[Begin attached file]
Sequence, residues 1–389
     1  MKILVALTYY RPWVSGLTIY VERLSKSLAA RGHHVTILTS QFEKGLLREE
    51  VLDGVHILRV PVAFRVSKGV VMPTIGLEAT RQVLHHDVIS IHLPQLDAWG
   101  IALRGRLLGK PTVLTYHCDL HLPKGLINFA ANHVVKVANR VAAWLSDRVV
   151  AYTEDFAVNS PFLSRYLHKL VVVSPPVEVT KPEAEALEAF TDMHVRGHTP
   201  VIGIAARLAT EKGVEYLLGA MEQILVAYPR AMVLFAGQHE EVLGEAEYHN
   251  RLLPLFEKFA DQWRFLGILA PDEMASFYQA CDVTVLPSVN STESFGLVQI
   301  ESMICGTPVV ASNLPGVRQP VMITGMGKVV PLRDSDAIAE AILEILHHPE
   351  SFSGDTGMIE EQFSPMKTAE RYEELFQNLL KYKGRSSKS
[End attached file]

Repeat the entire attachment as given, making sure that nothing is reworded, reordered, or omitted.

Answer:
Sequence, residues 1–389
     1  MKILVALTYY RPWVSGLTIY VERLSKSLAA RGHHVTILTS QFEKGLLREE
    51  VLDGVHILRV PVAFRVSKGV VMPTIGLEAT RQVLHHDVIS IHLPQLDAWG
   101  IALRGRLLGK PTVLTYHCDL HLPKGLINFA ANHVVKVANR VAAWLSDRVV
   151  AYTEDFAVNS PFLSRYLHKL VVVSPPVEVT KPEAEALEAF TDMHVRGHTP
   201  VIGIAARLAT EKGVEYLLGA MEQILVAYPR AMVLFAGQHE EVLGEAEYHN
   251  RLLPLFEKFA DQWRFLGILA PDEMASFYQA CDVTVLPSVN STESFGLVQI
   301  ESMICGTPVV ASNLPGVRQP VMITGMGKVV PLRDSDAIAE AILEILHHPE
   351  SFSGDTGMIE EQFSPMKTAE RYEELFQNLL KYKGRSSKS